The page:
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Molecules 2014, 19(3), 3038-3054; doi:10.3390/molecules19033038

Assessment of Circulating microRNAs in Plasma of Lung Cancer Patients
Orazio Fortunato 1,, Mattia Boeri 1,, Carla Verri 1,, Davide Conte 1, Mavis Mensah 1, Paola Suatoni 2, Ugo Pastorino 2 and Gabriella Sozzi 1,*
Tumor Genomics Unit, Department of Experimental Oncology and Molecular Medicine, Fondazione IRCCS Istituto Nazionale dei Tumori, via Venezian 1, Milan 20133, Italy
Thoracic Surgery Unit, Fondazione IRCCS Istituto Nazionale dei Tumori, via Venezian 1, Milan 20133, Italy
These authors contributed equally to this work.
Author to whom correspondence should be addressed; Tel.: +39-02-2390-2232; Fax: +39-02-2390-2928.
Received: 17 February 2014; in revised form: 28 February 2014 / Accepted: 4 March 2014 / Published: 10 March 2014


: Lung cancer is the most common cause of cancer deaths worldwide and numerous ongoing research efforts are directed to identify new strategies for its early detection. The development of non-invasive blood-based biomarkers for cancer detection in its preclinical phases is crucial to improve the outcome of this deadly disease. MicroRNAs (miRNAs) are a new promising class of circulating biomarkers for cancer detection and prognosis definition, but lack of consensus on data normalization methods for circulating miRNAs and the critical issue of haemolysis, has affected the identification of circulating miRNAs with diagnostic potential. We describe here an interesting approach for profiling circulating miRNAs in plasma samples based on the evaluation of reciprocal miRNA levels measured by quantitative Real-Time PCR. By monitoring changes of plasma miRNA-ratios, it is possible to assess the deregulation of tumor-related miRNAs and identify signatures with diagnostic and prognostic value. In addition, to avoid bias due to the release of miRNAs from blood cells, a miRNA-ratios signature distinguishing haemolyzed samples was identified. The method described was validated in plasma samples of lung cancer patients, but given its reproducibility and reliability, could be potentially applied for the identification of diagnostic circulating miRNAs in other diseases.
miRNAs; biomarkers; early diagnosis; lung cancer; real-time PCR; haemolysis

1. Introduction

Lung cancer, for its high incidence and mortality, is the leading cause of cancer-related death in the Western world, with 5-year survival estimates of around 15% for non-small-cell lung cancer (NSCLC) [1]. Despite recent advances in the management of resected lung cancer (i.e., adjuvant chemotherapy) and the use of molecular targeted agents in specific clinical settings, the cure rate remains low due to drug-refractory recurrent disease.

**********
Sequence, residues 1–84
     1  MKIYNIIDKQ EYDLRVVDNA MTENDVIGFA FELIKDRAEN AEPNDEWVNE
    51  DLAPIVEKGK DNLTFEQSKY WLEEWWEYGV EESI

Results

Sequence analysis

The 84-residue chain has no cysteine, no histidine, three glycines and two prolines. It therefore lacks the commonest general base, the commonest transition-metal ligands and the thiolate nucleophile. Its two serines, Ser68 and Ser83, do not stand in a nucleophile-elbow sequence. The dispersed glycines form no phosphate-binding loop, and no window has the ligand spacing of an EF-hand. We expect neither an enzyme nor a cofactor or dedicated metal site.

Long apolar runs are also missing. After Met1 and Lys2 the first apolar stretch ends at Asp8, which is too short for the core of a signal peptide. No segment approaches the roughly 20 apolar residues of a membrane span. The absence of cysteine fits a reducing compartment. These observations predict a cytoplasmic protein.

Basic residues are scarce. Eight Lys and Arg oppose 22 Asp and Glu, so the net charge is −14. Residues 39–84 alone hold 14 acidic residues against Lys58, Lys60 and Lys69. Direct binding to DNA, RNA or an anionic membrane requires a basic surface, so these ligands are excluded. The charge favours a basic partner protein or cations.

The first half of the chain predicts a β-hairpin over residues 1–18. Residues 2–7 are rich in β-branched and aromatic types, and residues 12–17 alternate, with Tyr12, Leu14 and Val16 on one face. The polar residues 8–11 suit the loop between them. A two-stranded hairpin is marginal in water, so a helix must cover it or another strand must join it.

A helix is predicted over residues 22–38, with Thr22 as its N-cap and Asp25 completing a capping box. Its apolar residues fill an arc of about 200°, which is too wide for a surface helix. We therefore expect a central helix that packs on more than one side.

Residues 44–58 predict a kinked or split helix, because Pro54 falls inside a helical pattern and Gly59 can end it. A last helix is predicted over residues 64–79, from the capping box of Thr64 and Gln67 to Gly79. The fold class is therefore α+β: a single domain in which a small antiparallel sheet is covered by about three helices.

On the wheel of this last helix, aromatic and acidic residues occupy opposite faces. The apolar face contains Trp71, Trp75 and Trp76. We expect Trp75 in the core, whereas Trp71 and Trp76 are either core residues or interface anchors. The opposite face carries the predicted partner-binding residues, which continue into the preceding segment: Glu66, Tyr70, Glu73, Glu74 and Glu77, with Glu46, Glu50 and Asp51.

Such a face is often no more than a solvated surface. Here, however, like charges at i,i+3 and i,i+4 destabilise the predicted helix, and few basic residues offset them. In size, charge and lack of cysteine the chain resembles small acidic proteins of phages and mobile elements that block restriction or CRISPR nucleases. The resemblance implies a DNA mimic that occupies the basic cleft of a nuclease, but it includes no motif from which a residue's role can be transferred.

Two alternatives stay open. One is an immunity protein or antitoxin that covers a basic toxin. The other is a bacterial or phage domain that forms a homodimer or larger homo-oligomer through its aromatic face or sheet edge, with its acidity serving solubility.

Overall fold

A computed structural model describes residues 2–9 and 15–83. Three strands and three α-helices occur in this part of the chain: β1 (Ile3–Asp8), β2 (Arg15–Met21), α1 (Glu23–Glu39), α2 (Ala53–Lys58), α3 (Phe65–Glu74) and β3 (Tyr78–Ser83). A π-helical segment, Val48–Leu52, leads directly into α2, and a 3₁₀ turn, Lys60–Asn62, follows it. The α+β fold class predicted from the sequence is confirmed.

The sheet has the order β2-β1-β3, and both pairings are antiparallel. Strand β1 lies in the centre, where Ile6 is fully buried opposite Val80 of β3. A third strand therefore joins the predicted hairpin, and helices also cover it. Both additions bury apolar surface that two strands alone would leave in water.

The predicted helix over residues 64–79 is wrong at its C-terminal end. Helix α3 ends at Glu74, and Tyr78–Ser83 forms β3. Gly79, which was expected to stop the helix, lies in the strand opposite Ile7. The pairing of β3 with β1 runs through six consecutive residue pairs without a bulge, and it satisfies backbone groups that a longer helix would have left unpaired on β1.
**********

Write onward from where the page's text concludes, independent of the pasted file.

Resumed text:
Prevention, rather than screening, appears the most effective strategy for reducing the burden of lung cancer. The efficacy of lung cancer screening in heavy smokers by low dose spiral-computed tomography (LDCT) remains a controversial issue [2,3]. The largest study performed in the US, the NLST trial [4], showed a 7% reduction in all-cause mortality and −20% lung cancer mortality compared to annual chest X-rays. However the high number of false positive (95%) and the overdiagnosis, recently estimated around the 18.5% [5], increase costs and unnecessary treatments. In addition, the results of three European studies showed no benefit [6,7,8] in overall mortality reduction, underlying the importance of a best selection of high-risk individuals. In this respect, the validation of circulating biomarkers able to identify tumors in a preclinical phase and to track the different aggressiveness of lung tumors, including the early metastatic cancers or even the small lesions with aggressive potential is of paramount importance.

MicroRNAs (miRNAs) are a large family of small non-coding RNAs, 19–24 nt-long, evolutionarily conserved and tissue specific, that regulate gene expression by causing a block of translation or messenger RNA (mRNA) degradation [9,10]. Such regulation occurs through their binding to partially complementary sequences usually located at the 3'- untranslated region (UTR) of target mRNAs [11,12,13]. They play a critical role in development and differentiation processes of tissues and organs and are aberrantly expressed in different kinds of cancer [14,15].

Over the last few years several studies have shown that miRNAs can also be detected within body fluids such as plasma [16], serum [17], sputum [18], saliva [19], urine [20], and milk [21]. Circulating miRNAs have been found packaged in exosomes [22], microvesicles (MVs) [23], or bound to specific proteins such as Ago-2 [24]. Once in the extracellular space, miRNAs could be taken up by other cells (cell-to-cell communication), degraded by RNases, or excreted [25]. Although the mechanism of secretion and incorporation of miRNAs has not been fully clarified, circulating miRNAs may play a pivotal and general role as signaling molecules in physiological and pathological events [26].

Notably, circulating miRNAs levels could correlate with cancer progression, therapeutic response, and patient survival, suggesting that they could also be used as non-invasive biomarkers [17,27,28]. In fact miRNAs remain rather intact and stable in the circulation and are also conserved across species, allowing the use of animal models of disease. In addition, miRNAs levels are measurable with simple assays such as RT-qPCR that allows detection of low abundance miRNAs [29,30].

The high potential of the circulating miRNAs as molecular marker of disease is diminished by a lack of consensus regarding an optimal method of normalization of miRNA data in plasma samples. The use of small-nucleolar RNAs (snoRNAs), such as RNU6B, have been used to normalise data in some initial studies [31,32], but a few years later it was reported that they vary according to particular diseases and tumour prognosis [33,34,35]. Many authors considered the use of a reference miRNA, such as mir-16, that was later shown to be deregulated in plasma samples of cancer patients [36,37,38,39].